OpenRC, an alternative to systemd
It is an alternative to systemd for users that like more control over their system, and do not want all the features that systemd provides and automatically activates.
- 1 Installation
- 2 Configuration
- 3 Using Consolekit
- 4 Replacing systemd with eudev (advanced users)
- 5 Troubleshooting
- 5.1 Boot logs
- 5.2 Get warning at shutdown
- 5.3 Error about /etc/sysctl.conf not found
- 5.4 Enable Swap (for GPT partitions)
- 5.5 Using tmpfs
- 5.6 Module auto-loading
- 5.7 Setting hostname
- 5.8 Setting keymap
- 5.9 Setting Hardware clock
- 5.10 Shutting down / rebooting
- 5.11 X does not start from a virtual terminal
- 5.12 Input devices not working
- 5.13 MySQL service not working
- 6 Further Reading
- 7 Support
OpenRC is available from the the Manjaro repositories. It can be installed as:
sudo pacman -S openrc-base
The output of the above command looks like the following:
$ sudo pacman -S openrc-base :: There are 10 members in group openrc-base: :: Repository community 1) cronie-openrc 2) cryptsetup-openrc 3) dbus-openrc 4) device-mapper-openrc 5) dhcpcd-openrc 6) glibc-openrc 7) inetutils-openrc 8) lvm2-openrc 9) mdadm-openrc 10) openrc-core Enter a selection (default=all): resolving dependencies... looking for inter-conflicts... :: openrc-core and systemd-sysvcompat are in conflict. Remove systemd-sysvcompat? [y/N] y Packages (12): systemd-sysvcompat-212-3 [removal] sysvinit-2.88-15 cronie-openrc-20140614-1 cryptsetup-openrc-20140614-1 dbus-openrc-20140614-1 device-mapper-openrc-20140614-1 dhcpcd-openrc-20140614-1 glibc-openrc-20140614-1 inetutils-openrc-20140614-1 lvm2-openrc-20140614-1 mdadm-openrc-20140614-1 openrc-core-0.12.4-16 Total Download Size: 0.22 MiB Total Installed Size: 1.19 MiB :: Proceed with installation? [Y/n]
After installing the openrc-base package group, OpenRC should boot by default instead of systemd. Note that it will boot to a command line, as the service for a graphical display manager has not yet been installed.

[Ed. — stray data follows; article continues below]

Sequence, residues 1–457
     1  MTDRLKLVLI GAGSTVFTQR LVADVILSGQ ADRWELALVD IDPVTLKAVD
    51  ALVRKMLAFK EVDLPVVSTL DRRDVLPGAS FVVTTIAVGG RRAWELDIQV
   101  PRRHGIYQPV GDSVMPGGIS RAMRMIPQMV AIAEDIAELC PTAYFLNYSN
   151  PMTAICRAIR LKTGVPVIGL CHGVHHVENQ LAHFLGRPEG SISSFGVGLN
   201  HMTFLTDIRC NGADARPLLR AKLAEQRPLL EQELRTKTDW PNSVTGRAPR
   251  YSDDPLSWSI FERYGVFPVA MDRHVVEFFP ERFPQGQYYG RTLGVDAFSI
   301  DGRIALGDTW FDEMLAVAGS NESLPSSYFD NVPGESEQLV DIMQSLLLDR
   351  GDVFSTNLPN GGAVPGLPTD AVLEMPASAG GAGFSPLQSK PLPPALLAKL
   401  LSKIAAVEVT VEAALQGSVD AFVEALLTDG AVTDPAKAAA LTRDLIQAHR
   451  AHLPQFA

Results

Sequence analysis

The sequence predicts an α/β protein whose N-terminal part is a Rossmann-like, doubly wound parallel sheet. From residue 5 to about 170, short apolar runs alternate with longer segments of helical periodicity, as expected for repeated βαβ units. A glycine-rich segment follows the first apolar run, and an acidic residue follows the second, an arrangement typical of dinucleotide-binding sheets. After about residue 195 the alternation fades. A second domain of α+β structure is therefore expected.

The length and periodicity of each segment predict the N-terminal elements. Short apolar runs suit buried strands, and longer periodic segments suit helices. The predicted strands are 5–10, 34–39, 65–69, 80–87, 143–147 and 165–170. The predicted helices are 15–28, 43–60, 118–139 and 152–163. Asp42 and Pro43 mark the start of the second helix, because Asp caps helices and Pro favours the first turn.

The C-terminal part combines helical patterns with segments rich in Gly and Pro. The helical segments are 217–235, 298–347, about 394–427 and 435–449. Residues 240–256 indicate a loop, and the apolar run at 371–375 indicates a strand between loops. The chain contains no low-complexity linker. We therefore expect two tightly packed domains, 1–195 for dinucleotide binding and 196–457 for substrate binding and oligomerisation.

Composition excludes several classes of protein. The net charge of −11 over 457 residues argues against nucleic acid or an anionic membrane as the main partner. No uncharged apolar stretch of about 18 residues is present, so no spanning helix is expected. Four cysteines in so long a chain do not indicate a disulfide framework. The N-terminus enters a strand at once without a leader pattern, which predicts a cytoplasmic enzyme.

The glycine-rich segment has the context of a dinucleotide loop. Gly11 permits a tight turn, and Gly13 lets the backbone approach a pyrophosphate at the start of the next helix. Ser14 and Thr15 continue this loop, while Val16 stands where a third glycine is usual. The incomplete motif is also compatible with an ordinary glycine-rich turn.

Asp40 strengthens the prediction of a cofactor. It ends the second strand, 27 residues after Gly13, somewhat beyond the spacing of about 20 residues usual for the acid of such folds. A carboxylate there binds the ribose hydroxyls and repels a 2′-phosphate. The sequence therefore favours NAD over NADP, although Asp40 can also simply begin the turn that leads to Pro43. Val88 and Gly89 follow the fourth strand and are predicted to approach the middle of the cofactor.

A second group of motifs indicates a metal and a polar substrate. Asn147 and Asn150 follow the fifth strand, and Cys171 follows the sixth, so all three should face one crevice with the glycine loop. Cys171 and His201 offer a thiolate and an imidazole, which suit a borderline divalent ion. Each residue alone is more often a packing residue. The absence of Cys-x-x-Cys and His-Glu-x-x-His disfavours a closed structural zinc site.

On installing openrc-base, one may get messages like:
run 'rc-update add dbus default' run 'rc-update add cronie default'
Running these command(s) adds the service(s) to the specified runlevels. For example on running:
sudo rc-update add dbus default
The dbus service would be added to the default runelevel and would automatically be started at boot.
dbus (system message bus) and cronie (for cron) are some common services that can be enabled.
To boot to a graphical display manager, the displaymanager-openrc package can be installed.
After installing it, the /etc/conf.d/xdm file needs to be edited to specify the display manager.
For example, to use lightdm, change the line:
Finally the xdm service can be added to default runlevel:
sudo rc-update add xdm default
lightdm and a lightdm-greeter (like lightdm-gtk-greeter) should be installed to use lightdm as display manager. A guide is available on the forums.
For more information about consolekit, have a look at the Consolekit section.
The alsa-utils-openrc package can be installed. After installing it, run:
sudo rc-update add alsasound default
to automatically start alsa at boot.
By default dhcpcd is enabled via netifrc. However if one uses Wifi to connect to the internet, or need a graphical network applet, then networkmanager-openrc can be installed.
networkmanager-openrc replaces the normal networkmanager package in the repos. Also, it requires consolekit and polkit-consolekit, which replaces the normal polkit from the repos.
Other alternatives like wicd-openrc and connman-openrc are also available.
The consolekit-openrc package can be installed. Consolekit supports multi-user setups, mounting of partitions by unauthorized users, etc. See the Gentoo-Wiki for more details.
Consolekit also allows a normal (non-root) user to shutdown or restart the system if the desktop environment supports it.
See the Using Consolekit section on how to install it and for more info.
The openrc-desktop package group can be used to install most of the above desktop related packages in one go. For example: